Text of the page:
A data dictionary for physical data modeling includes precise information on:

  • Tables and data fields
  • Primary and Foreign Key Relationships
  • Constraints , e.g. B. Test information
  • Stored Procedures and Triggers
  • Access legitimations (user names, roles)
  • physical database structure, e.g. B. Memory allocations and indexes
  • Reference and proof of use

This form is available in every DBMS as an active data dictionary, but is not always visible to the application programmer. Where such a data dictionary is not visible, it still forms the database structure as a database schema , but is stored in hidden system tables. Each time the database is accessed, the DBMS system software reads the database schema in order to be able to identify the structure and storage location of the queried data.

Function of the data dictionary in application development

In any case, it makes sense to integrate the metadata from the data dictionary into the integrated development environment (IDE). For the dynamic or generic programming of forms and reports, however, a data dictionary that is well structured and visible for the needs of application programming is a necessary prerequisite.

The functions for conceptual and physical data modeling are often not integrated in a data dictionary. More seriously, changes to the detailed database architecture are not reflected in the conceptual data model. Either time-consuming manual follow-up maintenance is necessary, or the currentness of the documented data model is lost.

A data dictionary that is integrated into the database, the program development environment and the data modeling instruments fulfills a variety of functions:

  • It describes all persistent data of an application area, e.g. B. in the form of a company-wide data model
  • Screen masks can be generated automatically on the basis of the data dictionary data (see generative programming ).
  • The structure of a database table can be read out by a program.
  • Programs can read data types and structures from tables that did not even exist at the time the program was designed. With suitable language support, a statically fixed data definition in the program text becomes obsolete. The data dictionary is thus a central instrument in application development when it comes to decoupling data definition and modeling from program development.

Cross-application data consistency

One of the advantages of a well-defined data dictionary is the consistency of the defined data elements across different tables in a database. For example, different tables can contain the data element TelefonNr ; a data dictionary can ensure that all tables refer to the same data element. In this way, a database-wide consistency and a record of usage for all table fields and data elements can be achieved.

BNF syntax for writing data dictionaries (DD)

- Context: data flow diagram (DFD), ERM, system modeling

A DD can be written in its rough structure in the BNF notation and then consists of several definitions, each in one line. In a definition , the following is written in the form of an assignment:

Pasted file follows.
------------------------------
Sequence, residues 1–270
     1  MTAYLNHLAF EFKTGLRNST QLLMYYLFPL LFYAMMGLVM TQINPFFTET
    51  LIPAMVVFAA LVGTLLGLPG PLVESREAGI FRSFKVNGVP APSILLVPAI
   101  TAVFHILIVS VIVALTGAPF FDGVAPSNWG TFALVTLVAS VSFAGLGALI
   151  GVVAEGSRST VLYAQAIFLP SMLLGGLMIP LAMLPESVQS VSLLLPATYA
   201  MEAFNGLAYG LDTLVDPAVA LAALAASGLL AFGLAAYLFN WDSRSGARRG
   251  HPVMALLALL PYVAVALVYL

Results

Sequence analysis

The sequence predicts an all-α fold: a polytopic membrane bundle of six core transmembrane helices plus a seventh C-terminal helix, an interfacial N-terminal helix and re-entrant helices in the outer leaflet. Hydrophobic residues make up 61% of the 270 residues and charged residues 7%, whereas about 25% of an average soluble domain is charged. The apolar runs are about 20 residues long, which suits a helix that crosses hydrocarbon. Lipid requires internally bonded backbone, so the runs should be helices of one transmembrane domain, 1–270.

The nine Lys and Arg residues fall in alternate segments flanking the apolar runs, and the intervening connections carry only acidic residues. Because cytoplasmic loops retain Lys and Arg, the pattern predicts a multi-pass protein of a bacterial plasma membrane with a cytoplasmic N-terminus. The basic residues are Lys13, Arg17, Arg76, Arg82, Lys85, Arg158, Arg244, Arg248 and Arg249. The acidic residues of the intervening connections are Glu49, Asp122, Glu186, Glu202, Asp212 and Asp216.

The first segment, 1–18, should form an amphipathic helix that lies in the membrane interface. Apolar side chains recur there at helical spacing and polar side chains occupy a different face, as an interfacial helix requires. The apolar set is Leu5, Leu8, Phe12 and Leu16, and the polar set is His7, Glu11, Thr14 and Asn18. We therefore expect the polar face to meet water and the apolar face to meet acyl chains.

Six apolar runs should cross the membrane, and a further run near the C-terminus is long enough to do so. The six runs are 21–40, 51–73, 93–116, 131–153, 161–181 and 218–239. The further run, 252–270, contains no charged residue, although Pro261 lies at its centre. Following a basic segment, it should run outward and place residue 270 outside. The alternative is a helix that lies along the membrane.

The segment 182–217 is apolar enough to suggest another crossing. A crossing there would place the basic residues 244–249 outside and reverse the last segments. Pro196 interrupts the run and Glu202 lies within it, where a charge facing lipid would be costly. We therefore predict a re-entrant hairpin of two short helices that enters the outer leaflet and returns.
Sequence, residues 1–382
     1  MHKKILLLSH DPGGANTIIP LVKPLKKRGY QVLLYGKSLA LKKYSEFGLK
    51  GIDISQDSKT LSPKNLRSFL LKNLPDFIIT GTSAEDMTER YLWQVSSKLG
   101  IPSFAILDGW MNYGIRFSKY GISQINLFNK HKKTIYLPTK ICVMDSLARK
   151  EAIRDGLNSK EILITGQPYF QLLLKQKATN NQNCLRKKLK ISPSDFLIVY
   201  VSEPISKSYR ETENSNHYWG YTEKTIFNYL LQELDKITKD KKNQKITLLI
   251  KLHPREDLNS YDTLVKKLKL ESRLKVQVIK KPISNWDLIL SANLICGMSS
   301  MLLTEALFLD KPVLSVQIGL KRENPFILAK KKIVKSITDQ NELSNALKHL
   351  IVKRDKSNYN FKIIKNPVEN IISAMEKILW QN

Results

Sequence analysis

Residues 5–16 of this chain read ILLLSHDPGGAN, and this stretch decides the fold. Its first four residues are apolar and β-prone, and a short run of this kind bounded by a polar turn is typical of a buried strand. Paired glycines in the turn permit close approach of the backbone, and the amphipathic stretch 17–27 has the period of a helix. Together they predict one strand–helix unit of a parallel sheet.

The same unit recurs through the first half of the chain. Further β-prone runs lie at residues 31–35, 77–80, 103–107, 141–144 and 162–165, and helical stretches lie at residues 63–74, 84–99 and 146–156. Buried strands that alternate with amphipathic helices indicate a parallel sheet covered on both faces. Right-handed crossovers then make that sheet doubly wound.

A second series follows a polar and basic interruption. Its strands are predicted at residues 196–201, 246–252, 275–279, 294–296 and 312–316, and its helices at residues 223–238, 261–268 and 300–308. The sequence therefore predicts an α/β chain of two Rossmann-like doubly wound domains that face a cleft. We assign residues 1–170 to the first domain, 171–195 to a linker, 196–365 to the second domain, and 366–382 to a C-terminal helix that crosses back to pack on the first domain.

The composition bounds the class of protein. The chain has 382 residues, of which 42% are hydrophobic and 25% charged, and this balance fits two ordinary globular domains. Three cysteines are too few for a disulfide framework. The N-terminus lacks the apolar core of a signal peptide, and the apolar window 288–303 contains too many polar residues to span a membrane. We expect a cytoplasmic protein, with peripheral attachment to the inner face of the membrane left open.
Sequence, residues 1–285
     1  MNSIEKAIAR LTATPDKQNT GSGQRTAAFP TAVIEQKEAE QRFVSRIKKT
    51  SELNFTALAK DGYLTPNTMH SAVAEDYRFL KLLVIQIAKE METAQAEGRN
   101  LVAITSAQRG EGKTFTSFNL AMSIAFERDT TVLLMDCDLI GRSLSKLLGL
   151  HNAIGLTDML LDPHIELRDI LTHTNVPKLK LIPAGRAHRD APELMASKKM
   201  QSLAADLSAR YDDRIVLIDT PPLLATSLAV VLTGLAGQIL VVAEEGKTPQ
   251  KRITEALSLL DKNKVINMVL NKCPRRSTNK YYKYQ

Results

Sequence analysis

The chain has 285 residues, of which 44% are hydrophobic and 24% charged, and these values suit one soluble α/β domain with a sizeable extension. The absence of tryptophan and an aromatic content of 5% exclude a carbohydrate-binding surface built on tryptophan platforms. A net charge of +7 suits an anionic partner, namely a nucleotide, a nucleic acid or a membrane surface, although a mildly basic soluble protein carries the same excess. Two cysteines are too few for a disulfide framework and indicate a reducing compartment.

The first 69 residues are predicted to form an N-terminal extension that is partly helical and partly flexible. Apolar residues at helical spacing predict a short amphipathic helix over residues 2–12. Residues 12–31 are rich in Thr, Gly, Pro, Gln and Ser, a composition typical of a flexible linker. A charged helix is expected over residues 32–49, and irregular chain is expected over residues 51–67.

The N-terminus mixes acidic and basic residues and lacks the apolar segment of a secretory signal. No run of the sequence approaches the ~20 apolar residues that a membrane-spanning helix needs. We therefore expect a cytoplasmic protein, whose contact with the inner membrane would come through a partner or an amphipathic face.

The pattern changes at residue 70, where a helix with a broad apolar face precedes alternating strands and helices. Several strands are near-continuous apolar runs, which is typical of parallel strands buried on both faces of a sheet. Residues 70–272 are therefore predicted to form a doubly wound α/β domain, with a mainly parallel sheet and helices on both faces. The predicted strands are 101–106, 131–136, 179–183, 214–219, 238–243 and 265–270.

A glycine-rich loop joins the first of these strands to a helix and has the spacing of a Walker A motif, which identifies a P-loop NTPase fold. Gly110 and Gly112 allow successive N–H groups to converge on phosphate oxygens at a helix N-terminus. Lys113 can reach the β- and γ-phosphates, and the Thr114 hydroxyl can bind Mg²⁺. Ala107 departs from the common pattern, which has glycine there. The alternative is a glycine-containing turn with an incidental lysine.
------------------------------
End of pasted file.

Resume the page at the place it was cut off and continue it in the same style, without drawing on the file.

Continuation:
<Non-atomic term> = <expression>

To the left of the assignment is a non-atomic term. There is a rule to the right of the assignment. A rule consists of a combination of atomic and non-atomic terms. Repetitions are possible. Circular definitions are prohibited, but recursions are allowed.

= Assignment
() Optional
[| ] Selection
{} Repetition


Customer card = salutation + (title) + first name + surname + {address} + telephone
Address = street + house number + zip code + city
Telephone = area code + {[0 | 1 | 2 | 3 | 4 | 5 | 6 | 7 | 8 | 9]}
Area code = 0 + [1 | 2 | 3 | 4 | 5 | 6 | 7 | 8 | 9] + {[0 | 1 | 2 | 3 | 4 | 5 | 6 | 7 | 8 | 9]}
Street = string
House number = string
First name = string
Name = string

See also: Backus-Naur-Form (BNF or EBNF ), syntax diagrams

A presentation in this form only allows the meta-terms and their relationships to be shown. In application development, the individual meta-term is usually the carrier of a wide range of additional information such as

  • technical description in everyday language
  • Domain values
  • Field descriptions (short, medium and long text) for the form design
  • Information as to whether the data element may be empty (e.g. NULL)
  • References to check tables

Therefore, the BNF notation can be used to list the entities and show their relationships to one another. For detailed attribution and more detailed documentation, the BNF notation is usefully supported by an actual DD instrument.

See also


  • Ramez Elmasri, Shamkant B. Navathe: Basics of database systems ; Pearson Studium, Munich 2004. ISBN 3-8273-7021-3
  • Thomas Connolly, Carolyn Begg, Anne Strachan: Database systems. A practical guide to design, implementation and management ; Addison-Wesley, Munich 2002. ISBN 3-8273-2013-5

Web links

Individual evidence

  1. Elmasri, p. 625